We are small but have robust giving, an endowment, property and looking at building plans.

God has been good to us!


David said...

Praise God! I rejoice with the Angels in heaven. You have touched me many times on this blog Father. I can only offer my thanks to God for you.

John A. Hollister said...

Fr. Hart is right to remind us of our institutional blessings. Two Sundays a month, I attend and celebrate one of two services at a parish where, between those two, there are usually about 15 present. Two Sundays a month I cover a parish where we are fortunate to have 7 at the service, when we do. Both of these parishes own their own buildings, by the way.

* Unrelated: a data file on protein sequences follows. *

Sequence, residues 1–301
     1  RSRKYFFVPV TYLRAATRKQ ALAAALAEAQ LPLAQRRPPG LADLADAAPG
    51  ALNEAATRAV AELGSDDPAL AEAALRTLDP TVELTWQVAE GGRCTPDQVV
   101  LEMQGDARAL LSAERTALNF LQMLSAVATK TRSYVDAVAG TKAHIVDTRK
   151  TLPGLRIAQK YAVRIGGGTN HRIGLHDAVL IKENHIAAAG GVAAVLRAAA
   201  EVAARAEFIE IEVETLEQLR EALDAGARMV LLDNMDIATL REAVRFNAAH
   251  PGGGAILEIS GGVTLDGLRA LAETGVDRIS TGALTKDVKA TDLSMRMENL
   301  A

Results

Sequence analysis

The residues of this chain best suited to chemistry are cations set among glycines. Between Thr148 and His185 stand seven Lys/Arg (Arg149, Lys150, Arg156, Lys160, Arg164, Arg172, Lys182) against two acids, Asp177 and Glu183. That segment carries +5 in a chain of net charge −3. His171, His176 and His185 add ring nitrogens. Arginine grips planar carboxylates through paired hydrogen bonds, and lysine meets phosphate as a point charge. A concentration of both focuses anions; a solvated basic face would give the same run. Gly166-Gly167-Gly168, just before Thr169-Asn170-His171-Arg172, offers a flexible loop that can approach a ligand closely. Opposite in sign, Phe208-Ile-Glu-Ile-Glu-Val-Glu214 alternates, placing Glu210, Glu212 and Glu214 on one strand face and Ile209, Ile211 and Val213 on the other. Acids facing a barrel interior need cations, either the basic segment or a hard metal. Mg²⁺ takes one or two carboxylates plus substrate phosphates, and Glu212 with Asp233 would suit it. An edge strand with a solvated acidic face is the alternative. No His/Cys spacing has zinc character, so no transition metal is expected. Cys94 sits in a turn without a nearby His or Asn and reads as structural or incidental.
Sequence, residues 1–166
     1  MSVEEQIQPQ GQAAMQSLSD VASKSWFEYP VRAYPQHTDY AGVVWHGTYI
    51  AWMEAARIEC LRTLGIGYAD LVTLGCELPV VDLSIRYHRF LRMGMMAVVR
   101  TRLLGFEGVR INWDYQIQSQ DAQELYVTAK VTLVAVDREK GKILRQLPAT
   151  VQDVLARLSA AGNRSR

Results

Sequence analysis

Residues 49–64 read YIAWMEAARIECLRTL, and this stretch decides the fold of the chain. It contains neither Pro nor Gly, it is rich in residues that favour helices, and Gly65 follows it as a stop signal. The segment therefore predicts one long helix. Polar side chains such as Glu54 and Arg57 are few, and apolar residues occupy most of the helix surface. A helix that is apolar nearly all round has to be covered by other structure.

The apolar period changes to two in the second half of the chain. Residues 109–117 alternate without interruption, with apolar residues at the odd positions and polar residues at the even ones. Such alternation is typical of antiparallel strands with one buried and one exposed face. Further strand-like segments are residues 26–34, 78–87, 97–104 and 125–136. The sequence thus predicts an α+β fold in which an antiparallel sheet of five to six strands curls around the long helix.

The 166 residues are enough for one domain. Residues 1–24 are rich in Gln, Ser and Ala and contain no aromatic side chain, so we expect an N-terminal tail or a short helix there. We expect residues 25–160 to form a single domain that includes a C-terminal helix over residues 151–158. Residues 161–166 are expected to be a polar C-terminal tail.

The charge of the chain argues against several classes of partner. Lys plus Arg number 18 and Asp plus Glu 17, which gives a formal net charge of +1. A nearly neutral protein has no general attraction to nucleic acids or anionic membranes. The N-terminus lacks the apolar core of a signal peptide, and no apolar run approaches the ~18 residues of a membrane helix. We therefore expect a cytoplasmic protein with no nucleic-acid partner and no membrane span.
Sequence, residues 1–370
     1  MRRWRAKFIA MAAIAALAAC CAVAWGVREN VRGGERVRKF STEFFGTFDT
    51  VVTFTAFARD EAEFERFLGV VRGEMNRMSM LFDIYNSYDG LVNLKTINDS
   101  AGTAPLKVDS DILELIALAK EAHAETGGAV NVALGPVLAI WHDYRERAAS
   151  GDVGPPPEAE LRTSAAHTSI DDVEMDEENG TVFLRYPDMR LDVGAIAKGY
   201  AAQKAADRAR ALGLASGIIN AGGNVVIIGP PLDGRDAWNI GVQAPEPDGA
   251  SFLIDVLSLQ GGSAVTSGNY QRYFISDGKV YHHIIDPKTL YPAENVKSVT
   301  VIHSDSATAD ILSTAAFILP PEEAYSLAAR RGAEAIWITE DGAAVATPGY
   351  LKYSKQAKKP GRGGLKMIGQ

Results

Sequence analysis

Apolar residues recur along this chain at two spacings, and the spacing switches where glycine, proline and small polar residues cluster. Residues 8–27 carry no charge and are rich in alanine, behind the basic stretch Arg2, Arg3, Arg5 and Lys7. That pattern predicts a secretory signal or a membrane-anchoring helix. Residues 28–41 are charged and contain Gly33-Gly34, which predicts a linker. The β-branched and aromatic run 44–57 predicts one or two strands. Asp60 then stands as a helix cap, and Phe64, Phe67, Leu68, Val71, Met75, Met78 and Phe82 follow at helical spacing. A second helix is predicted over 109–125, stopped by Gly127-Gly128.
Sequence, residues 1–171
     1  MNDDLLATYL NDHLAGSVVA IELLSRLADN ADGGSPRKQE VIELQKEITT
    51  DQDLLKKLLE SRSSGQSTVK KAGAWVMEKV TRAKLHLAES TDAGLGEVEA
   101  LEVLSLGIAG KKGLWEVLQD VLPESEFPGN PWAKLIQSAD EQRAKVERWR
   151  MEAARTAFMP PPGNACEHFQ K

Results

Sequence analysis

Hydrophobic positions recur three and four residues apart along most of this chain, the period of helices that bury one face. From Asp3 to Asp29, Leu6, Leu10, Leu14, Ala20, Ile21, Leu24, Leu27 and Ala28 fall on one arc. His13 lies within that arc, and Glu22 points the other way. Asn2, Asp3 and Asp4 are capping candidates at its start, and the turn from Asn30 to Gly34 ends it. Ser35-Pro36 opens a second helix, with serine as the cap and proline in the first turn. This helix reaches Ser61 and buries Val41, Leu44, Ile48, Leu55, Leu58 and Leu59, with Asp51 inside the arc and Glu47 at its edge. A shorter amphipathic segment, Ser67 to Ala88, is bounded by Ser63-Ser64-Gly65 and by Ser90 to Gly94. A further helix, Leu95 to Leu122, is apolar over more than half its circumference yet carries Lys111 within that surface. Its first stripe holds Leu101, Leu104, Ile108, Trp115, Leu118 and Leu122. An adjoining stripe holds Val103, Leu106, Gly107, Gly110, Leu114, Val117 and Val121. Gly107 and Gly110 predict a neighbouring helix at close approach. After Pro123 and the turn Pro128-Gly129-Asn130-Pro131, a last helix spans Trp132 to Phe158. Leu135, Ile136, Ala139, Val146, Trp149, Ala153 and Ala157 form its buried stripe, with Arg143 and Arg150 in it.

But tomorrow I am travelling to a mission in my home diocese for the ordination of a deacon to the priesthood. This is taking place at a mission which, two years ago, did not exist and which even now is meeting in borrowed quarters.

Two months ago, we had our diocesan synod, at which four men were ordained to the diaconate and two deacons to the priesthood. This synod was superbly organized and very competently hosted by a mission which, three years ago, did not exist.

So even when we feel we have slowed down in some places, we have great cause for rejoicing in others. Always the Church shows signs of life, if only our eyes are open to them.

John A. Hollister+